January 29th, 2010
At the risk of sounding really dowdy, I would like to share with you that we've started enjoying wholesome family entertainment in my house. Scrabble, specifically. In and of itself that might not be so bad, but when paired with the revelation that I also like to go to sleep in the 9 o'clock hour, I might as well just sign up for an AARP membership.
My mom dug up a Scrabble board that they'd bought me one year as a child. She gave it to me a few years ago, because a Chinese household can keep goods of all kinds for years and years. I remember this board. I used to try to get all my friends to play with me, but none would. I then tried to nag all the adults to play with me, but they were usually too busy. That's why it's in pristine condition.
I stashed it in the living room cabinet with the intent to actually play it. That day came on the week of Christmas. Now that I don't need to go to sleep at 7 p.m. for work, we've started watching TV some nights after we put Olivia to bed. Claus wanted to rent a movie. "How about a game of Scrabble?" I offered.
For some reason, he never played this. And it's not like they don't have it in Denmark. Our first game went really, really slowly. I had to recite the rules that ban the use of Danish words, abbreviations, proper nouns, and slang. And then Claus comes out with a typical-Claus-the-creative-thinker question: "Can I make a sentence?"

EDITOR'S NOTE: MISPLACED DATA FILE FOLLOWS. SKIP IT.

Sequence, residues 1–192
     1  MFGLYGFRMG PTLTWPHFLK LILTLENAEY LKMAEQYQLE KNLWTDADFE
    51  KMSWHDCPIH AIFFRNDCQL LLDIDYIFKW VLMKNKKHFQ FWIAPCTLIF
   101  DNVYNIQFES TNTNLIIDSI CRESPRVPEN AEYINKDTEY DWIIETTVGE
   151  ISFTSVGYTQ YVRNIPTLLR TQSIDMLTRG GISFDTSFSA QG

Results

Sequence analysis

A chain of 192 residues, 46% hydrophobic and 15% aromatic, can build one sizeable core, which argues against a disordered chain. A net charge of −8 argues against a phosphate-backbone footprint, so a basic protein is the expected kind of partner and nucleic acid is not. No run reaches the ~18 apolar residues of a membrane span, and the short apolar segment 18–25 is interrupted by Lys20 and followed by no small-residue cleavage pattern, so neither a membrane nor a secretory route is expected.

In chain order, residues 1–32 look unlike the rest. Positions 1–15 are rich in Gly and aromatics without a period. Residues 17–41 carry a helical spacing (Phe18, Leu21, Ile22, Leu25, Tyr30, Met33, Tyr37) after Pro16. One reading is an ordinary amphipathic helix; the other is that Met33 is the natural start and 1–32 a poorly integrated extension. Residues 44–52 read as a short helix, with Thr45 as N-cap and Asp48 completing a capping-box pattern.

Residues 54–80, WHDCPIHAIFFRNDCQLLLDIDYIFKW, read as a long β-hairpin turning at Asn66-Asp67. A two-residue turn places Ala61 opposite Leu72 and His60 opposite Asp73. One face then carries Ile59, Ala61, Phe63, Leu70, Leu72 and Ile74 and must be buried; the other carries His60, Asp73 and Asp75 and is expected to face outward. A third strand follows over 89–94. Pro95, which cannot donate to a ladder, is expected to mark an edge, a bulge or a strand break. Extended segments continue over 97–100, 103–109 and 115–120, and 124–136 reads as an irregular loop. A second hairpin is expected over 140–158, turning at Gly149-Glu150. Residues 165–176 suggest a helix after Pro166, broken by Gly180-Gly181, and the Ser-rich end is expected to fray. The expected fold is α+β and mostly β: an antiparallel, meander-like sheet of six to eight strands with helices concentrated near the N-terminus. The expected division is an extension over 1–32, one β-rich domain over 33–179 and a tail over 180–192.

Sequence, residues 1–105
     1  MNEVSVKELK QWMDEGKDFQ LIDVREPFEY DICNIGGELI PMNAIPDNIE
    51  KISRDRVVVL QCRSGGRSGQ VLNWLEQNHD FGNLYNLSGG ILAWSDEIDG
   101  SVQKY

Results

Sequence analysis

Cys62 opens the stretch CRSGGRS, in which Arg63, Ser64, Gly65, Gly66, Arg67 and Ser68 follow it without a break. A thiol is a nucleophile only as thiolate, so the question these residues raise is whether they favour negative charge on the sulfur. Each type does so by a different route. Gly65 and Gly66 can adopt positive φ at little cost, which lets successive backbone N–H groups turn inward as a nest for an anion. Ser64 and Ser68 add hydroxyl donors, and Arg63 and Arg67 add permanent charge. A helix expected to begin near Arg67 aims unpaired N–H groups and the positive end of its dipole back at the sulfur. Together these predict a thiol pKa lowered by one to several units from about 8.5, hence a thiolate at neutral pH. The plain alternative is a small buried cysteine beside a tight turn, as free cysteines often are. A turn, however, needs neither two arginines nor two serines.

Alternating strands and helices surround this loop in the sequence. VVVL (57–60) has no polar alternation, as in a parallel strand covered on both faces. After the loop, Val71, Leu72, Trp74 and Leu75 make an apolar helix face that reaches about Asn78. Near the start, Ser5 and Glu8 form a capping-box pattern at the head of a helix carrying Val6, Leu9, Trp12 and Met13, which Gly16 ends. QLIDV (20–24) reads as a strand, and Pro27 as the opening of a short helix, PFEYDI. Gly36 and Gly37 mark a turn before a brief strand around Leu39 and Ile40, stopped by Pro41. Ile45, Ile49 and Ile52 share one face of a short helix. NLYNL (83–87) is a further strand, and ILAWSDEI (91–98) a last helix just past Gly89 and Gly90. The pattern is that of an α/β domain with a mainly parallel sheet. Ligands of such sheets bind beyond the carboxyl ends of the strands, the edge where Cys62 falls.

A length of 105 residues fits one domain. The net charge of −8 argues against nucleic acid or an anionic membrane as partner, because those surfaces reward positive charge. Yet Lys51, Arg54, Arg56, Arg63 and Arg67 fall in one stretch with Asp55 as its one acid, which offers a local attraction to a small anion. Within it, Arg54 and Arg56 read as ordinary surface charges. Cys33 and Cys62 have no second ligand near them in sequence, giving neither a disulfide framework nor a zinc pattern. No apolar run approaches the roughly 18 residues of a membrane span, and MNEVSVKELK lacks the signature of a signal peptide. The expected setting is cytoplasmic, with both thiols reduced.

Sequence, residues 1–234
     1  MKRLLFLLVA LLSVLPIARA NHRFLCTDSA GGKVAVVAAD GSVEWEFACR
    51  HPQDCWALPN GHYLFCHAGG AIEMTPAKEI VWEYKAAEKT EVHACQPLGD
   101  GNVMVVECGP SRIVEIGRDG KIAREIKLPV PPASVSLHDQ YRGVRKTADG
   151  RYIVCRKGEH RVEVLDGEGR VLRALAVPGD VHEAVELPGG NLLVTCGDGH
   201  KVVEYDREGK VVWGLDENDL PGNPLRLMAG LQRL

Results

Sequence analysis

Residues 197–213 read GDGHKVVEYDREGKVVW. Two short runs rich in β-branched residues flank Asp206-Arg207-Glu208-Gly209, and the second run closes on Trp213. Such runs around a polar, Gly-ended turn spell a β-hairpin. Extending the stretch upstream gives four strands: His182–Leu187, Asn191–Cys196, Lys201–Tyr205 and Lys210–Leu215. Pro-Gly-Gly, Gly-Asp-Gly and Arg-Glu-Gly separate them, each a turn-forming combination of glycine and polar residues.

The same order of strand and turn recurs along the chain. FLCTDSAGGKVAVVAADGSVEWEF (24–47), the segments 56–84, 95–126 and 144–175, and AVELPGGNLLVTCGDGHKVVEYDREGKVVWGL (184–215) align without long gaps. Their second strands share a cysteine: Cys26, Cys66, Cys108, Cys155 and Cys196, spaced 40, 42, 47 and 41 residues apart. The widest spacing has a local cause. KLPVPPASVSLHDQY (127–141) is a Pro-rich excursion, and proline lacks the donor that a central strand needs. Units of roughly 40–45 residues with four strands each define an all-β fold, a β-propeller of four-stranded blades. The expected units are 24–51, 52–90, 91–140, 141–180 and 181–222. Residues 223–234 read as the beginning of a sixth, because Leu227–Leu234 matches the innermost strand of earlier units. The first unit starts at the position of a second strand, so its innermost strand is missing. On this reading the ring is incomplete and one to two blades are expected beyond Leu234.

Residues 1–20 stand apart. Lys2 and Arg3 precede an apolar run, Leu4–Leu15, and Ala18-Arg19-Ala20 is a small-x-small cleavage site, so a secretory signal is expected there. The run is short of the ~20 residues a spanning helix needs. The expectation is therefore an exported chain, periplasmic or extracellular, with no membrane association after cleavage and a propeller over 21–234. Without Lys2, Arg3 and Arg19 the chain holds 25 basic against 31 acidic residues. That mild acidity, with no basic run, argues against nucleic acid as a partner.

I think the answer is no, but the rules don't address it. I asked, "A simple sentence? Like, I can run?" "Yeah, something like that," he said. After hemming and hawing, I finally said, "Sure. Make a sentence." Obviously, he was going to add on to some existing word, to try to gain the double or triple points.
He starts putting tiles down by the word SCAN. After he's finished, I see he's written SCANOFBUN. What the hell is that?, I ask. Scan Of Bun, he replies, as if it's the most normal thing in the world. I see he's snickering now because it's such a nonsense sentence. "No, take it off," I chide. Claus is such a rules subverter.
I also got my cousin Val addicted. She downloaded the app to her iPhone, and now she plays every day. Her kids complain it's the first thing she does in the morning. Ha ha ha!
I bring the board to their house when we visit on some Sundays. One adult will partner up with a child and we'll have Scrabble teams. I feel like an anachronism in an age of video games, but you know what? It's fun. It feels more interactive to me than staring at the TV set, which is what one would do even if we were playing the interactive Wii Fit.
Who knows what tech mutiny could follow. Reading an actual book, instead of a Kindle? Reading a real newspaper, instead of online?
Do you play board games, and if so, what do you play?